JoAnn Crandall, Ann Jaramillo, Laurie Olsen, Joy Kreeft Peyton, and Sarah Young
“Adolescents entering the adult world in the 21st century will read and write more than at any other time in human history. They will need advanced levels of literacy to perform their jobs, run their households, act as citizens, and conduct their personal lives. They will need literacy to cope with the flood of information they will find everywhere they turn. They will need literacy to feed their imaginations so they can create the world of the future. In a complex and sometimes even dangerous world, their ability to read will be crucial. Continual instruction beyond the early grades is needed.” – International Reading Organization, 1999
“While great attention has been paid to increasing early childhood education opportunities and reaching the national goal of making sure every child can read by the third grade, little has been done to confront the real and growing problem: Hundreds of thousands of high school students can barely read on the eve of their high school graduation…Less than 75 percent of all eighth graders graduate from high school in five years, and in urban schools these rates dip below 50 percent. We believe that the great promise that no child will be left behind should not be limited to just the children in America’s elementary schools… [but should also] include adolescents who continue to struggle to meet high standards or, worse, simply give up and leave school without a high school diploma. Approximately 25 percent of all high school students read at “below basic” levels. Affecting more than their achievement in English and language arts classes, low literacy levels also prevent students from mastering content in other subjects. The problem is exacerbated by the fact that many teachers in schools serving large numbers of low-performing students are neither trained to teach reading nor well-qualified in the subject they teach.” (Joftus, 2002, Alliance for Excellent Education)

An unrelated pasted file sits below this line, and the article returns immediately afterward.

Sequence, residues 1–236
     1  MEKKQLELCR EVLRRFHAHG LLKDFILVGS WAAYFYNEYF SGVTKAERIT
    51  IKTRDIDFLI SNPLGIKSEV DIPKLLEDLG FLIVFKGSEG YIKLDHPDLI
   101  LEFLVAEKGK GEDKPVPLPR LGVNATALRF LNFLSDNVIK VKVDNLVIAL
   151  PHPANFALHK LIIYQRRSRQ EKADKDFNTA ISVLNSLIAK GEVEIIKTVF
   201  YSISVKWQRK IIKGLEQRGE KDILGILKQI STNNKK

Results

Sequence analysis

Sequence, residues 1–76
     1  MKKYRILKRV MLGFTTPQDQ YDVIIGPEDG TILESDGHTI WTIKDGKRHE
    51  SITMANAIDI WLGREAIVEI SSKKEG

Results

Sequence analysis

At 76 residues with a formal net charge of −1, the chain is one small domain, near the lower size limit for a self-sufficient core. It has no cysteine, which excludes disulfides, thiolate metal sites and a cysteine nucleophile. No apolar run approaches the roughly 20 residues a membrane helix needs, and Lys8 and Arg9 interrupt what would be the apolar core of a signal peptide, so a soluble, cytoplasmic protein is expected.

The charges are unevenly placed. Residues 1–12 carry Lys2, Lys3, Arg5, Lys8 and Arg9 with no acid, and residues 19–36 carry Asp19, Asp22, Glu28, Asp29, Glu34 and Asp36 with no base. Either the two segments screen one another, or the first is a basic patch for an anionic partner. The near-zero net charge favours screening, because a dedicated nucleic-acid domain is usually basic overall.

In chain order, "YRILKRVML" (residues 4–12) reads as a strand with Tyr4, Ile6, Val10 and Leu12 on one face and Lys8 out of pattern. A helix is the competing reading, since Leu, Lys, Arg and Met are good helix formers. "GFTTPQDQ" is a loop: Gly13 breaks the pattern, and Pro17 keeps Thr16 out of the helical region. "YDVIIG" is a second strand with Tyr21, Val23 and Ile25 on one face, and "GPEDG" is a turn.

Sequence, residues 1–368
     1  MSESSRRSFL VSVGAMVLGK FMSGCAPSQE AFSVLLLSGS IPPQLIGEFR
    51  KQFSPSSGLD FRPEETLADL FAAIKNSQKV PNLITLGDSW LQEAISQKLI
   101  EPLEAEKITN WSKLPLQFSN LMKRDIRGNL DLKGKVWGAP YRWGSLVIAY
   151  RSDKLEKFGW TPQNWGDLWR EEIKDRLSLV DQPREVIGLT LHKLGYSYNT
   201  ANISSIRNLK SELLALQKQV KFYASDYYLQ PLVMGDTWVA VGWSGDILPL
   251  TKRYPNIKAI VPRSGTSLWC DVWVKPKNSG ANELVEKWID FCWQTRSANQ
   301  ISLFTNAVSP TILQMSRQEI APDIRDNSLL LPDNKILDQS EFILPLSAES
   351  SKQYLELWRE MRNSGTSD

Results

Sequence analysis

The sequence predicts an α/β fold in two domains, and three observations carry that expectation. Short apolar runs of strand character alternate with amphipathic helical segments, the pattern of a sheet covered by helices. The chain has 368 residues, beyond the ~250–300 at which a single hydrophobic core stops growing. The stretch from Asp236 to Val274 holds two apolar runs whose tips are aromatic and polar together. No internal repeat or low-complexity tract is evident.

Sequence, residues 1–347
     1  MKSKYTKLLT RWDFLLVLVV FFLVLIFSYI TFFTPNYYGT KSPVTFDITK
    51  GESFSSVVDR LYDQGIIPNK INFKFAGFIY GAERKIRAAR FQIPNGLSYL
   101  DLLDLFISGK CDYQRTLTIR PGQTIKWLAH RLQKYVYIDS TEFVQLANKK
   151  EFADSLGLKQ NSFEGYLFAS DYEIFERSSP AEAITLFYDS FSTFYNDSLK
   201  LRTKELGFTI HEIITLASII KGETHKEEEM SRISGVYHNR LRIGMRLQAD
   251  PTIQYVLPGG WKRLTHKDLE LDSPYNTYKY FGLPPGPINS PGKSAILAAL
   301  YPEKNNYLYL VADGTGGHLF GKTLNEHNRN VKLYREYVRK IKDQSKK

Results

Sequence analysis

This chapter addresses the challenges facing immigrant students as they make the transition to schooling in the United States and the qualities of schools and instructional approaches that assist them most effectively. Due in part to the struggles that many immigrant students have in graduating from high school, we place particular emphasis in this chapter on the education of students of secondary school age. The older the students, the greater their difficulty in catching up with their peers and graduating from high school. Immigrant students can succeed in school if (1) they are immersed in academic content and strong literacy practices that are presented in interesting, understandable ways; (2) they are integrated into the school’s social and academic life; and (3) they have coaching and support from teachers who understand second language acquisition and are committed to the success of their students. In this chapter we describe instructional and assessment strategies intended to develop students’ language and literacy skills and to make academic content challenging, interesting, and accessible. These strategies represent excellent educational practice for all students. We also describe important qualities of a professional development system that will support teachers who use these strategies in their classes.
The Effects of Immigration on Education